In addition to vehicle acquisition they have to look at fueling. Where are they going to get their fueling? If they can’t leverage and take advantage of existing public fuel infrastructure, they have to think about potentially installing additional infrastructure to fulfill their fleet’s needs.
Service and maintenance – a lot of these new technologies, even if they have the fueling in place, if they don’t have the appropriate service and tech support for these vehicles once they are on the road, this whole project can be a failure. So, understanding where their vehicles can get the service they need is another very valuable factor in this whole process.
And then, finally, remarketing – what kind of residual value can they see getting with these vehicles? Unfortunately, at this point in time there is not a lot of data on what kind of residual value you can get given there are so few of these vehicles on the road. Over time this data will become a lot easier to obtain and be a more significant component for understanding the full business case for these initiatives.
Where do you see electric vehicles appropriate for fleets?
In talking about electric vehicles, in order to properly vet out whether an electric vehicle makes sense for your fleet or not really depends on, again, the fleet’s application, the fleet’s driving pattern and, basically, the fleet operation. The electric vehicle space has made tremendous advancements in just the last ten years alone. If you just look at the cost of batteries, they are going continuously down. If you are looking at the range capacities of these vehicles, they are going up.
I think the electric vehicle space is moving in the right direction. I think a lot of that is partially due to the significant R & D that is being placed into this technology. There are a lot of stake holders that are interested in seeing this product succeed and at this point in time it is tough to develop a strong business case for it partially because the battery costs are still very expensive. But, if you have a vehicle that is driving in largely urban settings where it can really capture a lot of the energy of the battery through regenerative breaking, then that is a good application for this type of vehicle.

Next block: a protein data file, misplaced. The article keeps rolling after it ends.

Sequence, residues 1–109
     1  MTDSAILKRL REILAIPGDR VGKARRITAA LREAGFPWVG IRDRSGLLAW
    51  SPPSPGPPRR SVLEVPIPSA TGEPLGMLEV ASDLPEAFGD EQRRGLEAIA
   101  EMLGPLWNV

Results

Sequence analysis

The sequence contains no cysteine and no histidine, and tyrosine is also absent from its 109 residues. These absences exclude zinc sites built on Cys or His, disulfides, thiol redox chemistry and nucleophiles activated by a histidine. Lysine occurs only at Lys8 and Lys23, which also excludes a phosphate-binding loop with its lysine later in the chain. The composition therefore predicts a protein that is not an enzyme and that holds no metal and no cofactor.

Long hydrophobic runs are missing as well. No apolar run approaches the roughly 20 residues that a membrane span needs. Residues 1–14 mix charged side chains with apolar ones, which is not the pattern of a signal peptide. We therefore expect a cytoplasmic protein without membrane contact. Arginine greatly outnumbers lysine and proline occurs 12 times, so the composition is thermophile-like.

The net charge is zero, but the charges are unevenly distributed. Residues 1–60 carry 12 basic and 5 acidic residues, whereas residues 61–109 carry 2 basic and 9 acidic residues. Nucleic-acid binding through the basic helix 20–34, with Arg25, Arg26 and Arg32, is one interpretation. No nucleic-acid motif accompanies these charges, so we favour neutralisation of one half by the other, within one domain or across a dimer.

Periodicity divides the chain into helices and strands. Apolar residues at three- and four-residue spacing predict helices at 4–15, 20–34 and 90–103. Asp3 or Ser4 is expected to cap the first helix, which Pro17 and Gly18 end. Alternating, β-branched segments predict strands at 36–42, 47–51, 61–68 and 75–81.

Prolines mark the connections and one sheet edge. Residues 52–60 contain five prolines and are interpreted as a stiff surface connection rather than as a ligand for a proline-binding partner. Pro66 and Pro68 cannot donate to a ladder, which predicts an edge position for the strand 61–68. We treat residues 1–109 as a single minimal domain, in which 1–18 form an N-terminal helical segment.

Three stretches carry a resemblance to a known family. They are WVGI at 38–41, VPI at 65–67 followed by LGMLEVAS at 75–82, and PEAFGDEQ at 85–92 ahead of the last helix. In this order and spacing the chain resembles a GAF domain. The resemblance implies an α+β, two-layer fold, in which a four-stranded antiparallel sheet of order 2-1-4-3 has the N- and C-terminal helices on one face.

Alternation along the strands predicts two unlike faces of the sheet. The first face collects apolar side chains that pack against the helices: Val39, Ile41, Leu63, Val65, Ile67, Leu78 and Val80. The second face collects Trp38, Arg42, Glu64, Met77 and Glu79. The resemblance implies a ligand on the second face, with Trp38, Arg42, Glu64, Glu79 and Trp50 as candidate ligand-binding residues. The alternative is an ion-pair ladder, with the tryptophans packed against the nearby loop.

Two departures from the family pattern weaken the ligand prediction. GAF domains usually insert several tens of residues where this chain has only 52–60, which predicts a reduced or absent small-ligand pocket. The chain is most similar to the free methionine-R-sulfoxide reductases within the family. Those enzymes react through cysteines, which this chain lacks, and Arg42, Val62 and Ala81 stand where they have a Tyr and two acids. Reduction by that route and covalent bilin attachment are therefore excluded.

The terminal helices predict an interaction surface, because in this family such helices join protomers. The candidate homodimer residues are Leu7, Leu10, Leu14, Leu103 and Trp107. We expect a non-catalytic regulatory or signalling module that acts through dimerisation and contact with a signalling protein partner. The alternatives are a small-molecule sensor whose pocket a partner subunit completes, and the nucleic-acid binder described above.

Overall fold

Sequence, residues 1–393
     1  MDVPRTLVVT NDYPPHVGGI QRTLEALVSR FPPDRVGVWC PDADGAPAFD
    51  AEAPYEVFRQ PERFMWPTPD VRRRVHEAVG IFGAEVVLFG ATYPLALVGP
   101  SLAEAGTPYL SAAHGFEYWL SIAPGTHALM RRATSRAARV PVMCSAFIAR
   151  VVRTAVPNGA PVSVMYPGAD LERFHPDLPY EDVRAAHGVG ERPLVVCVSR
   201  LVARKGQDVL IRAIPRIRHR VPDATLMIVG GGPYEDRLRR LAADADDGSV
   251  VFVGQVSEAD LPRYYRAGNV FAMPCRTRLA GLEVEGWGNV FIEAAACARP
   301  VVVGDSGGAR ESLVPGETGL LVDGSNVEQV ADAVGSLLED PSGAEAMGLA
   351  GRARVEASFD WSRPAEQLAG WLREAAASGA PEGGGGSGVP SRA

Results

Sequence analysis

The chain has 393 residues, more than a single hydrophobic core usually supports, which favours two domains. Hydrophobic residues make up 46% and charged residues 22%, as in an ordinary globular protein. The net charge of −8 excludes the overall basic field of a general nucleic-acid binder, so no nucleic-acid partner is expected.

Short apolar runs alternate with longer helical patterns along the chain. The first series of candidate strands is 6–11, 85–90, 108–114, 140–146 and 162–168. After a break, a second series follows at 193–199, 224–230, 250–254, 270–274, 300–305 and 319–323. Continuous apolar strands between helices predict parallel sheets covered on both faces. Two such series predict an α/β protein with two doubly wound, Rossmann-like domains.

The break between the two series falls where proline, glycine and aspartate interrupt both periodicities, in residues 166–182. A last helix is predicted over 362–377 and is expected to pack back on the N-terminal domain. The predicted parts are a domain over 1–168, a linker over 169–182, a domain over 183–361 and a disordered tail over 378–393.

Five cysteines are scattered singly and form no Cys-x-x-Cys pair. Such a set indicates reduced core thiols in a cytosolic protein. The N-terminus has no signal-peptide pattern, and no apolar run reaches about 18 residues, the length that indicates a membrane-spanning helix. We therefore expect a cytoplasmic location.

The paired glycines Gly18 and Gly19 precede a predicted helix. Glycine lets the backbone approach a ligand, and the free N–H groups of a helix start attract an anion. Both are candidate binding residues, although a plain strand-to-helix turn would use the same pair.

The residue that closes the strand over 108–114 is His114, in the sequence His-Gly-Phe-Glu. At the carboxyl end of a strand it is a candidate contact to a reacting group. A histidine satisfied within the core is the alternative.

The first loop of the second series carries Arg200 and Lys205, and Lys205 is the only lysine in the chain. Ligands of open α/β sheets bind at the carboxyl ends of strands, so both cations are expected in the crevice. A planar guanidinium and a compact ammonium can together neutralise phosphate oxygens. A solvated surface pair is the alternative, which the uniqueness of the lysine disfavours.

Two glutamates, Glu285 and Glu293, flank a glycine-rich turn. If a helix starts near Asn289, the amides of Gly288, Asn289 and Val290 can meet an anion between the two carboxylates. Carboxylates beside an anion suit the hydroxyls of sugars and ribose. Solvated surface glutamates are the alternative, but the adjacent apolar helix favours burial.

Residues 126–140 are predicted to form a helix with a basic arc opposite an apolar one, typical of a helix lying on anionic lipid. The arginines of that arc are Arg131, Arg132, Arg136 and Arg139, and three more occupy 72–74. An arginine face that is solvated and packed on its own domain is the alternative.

With any kind of vehicle that consumes a lot of fuel, you really are going to get that slower ROI timeframe by taking advantage of the low cost of electricity relative to the gas and diesel prices that you would normally deal with. It really depends, as with most applications. My role is to understand and match these technologies for the right fit and make it work.
Do the same considerations apply to hybrids?
Absolutely, there are different types of hybrids out there; you have plug-in electric hybrids, regular hybrids, and extended range electric vehicles. The Chevy Volt is a good example of that, so, each of these vehicles within that class of electric hybrids has their own pros and cons. It is important to understand what exactly that fleet is doing and once you have that information you can understand what makes the most sense for which vehicle you want to go with.
Brian joined ARI in early 2013 as Manager – Strategic Consulting, Sustainable Strategies. Previously, he worked as a project strategist for the U.S. Environmental Protection Agency’s Sustainable Materials Management program and as an analyst for a consulting firm in Mexico City, Mexico, where he conducted environmental policy research on sustainable development initiatives for governments and multinational corporations.